With a CV longer than my arm (and leg) Jeff Kollman has played with some major names (Glenn Hughes, JL Turner, Chad Smith etc.) and contributed to many of their songs too. He has about twenty solo or collaborative albums to his name already and now, there’s a new one for guitarists to drool over and, for those who think all guitar instrumental albums are just packed with more shreddies than Nabisco (look it up!) then I would advise you to think again…on East of Heaven, Jeff makes the guitar speak albeit briefly on the ‘intermission’ tracks ‘Loss’, ‘Homage To King Edward‘ (not the potato) and ‘Insomnia’; still nice, just very short.
For longer, tastier and altogether very clever instrumentals, listen closely to the sweeping ‘The Mass Exodus‘, the ethereal ‘Ghostly‘ or the aching ‘Isolation 2020‘ and you will begin to grasp at the abilities on display; acoustic or electric; picked, hammered, bent, volume-controlled or tremolo driven… he can do the lot and makes a failed guitarist like me green with envy. The beauty of this album is the depth and expression Jeff builds into every song (yes, song) and he isn’t over flashy or shredding like a maniac: he can do that as well, but only if the song dictates it. The laid back, percussive ‘East Of Heaven’ is astounding without any histrionics at all; imagine Jeff Beck duetting with Steve Morse… it’s that good. The closing track, ‘See You On The Other Side‘, is an acoustic delight with various motifs blending so well, and then picked electric adds another voice that says so much.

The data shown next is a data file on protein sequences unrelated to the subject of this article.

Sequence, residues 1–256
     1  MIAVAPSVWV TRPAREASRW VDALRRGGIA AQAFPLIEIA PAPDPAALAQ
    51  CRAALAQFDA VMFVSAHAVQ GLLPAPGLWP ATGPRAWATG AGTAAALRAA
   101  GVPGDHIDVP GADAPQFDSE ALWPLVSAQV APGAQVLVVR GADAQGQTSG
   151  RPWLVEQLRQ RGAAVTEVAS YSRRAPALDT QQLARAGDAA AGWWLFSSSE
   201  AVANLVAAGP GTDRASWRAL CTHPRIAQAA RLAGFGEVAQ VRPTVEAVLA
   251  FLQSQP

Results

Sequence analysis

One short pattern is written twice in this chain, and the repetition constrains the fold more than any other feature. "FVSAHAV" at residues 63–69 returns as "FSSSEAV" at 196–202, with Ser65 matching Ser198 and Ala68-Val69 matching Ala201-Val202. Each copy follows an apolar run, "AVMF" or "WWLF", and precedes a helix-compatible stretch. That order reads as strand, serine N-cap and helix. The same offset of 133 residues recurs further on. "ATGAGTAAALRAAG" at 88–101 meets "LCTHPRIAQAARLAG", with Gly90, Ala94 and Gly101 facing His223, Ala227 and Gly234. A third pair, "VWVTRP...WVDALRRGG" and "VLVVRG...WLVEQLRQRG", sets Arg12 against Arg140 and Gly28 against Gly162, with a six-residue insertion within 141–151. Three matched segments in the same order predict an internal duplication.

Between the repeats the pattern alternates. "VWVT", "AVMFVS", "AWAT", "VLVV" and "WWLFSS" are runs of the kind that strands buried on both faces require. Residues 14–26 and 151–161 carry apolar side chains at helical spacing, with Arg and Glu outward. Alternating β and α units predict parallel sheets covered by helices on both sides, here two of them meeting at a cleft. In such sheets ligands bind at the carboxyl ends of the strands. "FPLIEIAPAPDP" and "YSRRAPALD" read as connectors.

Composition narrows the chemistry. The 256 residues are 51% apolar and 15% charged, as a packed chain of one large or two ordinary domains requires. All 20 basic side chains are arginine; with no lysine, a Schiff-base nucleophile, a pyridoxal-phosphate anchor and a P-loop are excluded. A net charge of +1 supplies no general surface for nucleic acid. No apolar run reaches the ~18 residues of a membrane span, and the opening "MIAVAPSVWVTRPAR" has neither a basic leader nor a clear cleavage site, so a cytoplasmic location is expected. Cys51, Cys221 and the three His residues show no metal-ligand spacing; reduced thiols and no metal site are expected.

Elsewhere you can feel that each note is carefully planned and executed and, if you don’t want an hours worth of instrumentals, then scatter these fourteen tracks through your playlists and enjoy the varied, subtle and quality playing between your other favourites. If, like me, you are a simple guitar geek… buy it!